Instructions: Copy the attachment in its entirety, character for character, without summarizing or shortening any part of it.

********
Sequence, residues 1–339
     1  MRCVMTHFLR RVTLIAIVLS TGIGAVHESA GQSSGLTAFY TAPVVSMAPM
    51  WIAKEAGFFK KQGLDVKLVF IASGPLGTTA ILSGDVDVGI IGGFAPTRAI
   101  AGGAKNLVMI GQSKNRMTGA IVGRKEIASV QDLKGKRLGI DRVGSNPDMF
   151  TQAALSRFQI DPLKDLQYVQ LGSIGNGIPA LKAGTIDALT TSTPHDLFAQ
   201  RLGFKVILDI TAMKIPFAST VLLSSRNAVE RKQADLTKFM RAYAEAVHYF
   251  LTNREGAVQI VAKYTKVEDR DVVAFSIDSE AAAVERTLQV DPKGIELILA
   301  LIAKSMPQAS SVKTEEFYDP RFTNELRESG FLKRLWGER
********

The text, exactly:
Sequence, residues 1–339
     1  MRCVMTHFLR RVTLIAIVLS TGIGAVHESA GQSSGLTAFY TAPVVSMAPM
    51  WIAKEAGFFK KQGLDVKLVF IASGPLGTTA ILSGDVDVGI IGGFAPTRAI
   101  AGGAKNLVMI GQSKNRMTGA IVGRKEIASV QDLKGKRLGI DRVGSNPDMF
   151  TQAALSRFQI DPLKDLQYVQ LGSIGNGIPA LKAGTIDALT TSTPHDLFAQ
   201  RLGFKVILDI TAMKIPFAST VLLSSRNAVE RKQADLTKFM RAYAEAVHYF
   251  LTNREGAVQI VAKYTKVEDR DVVAFSIDSE AAAVERTLQV DPKGIELILA
   301  LIAKSMPQAS SVKTEEFYDP RFTNELRESG FLKRLWGER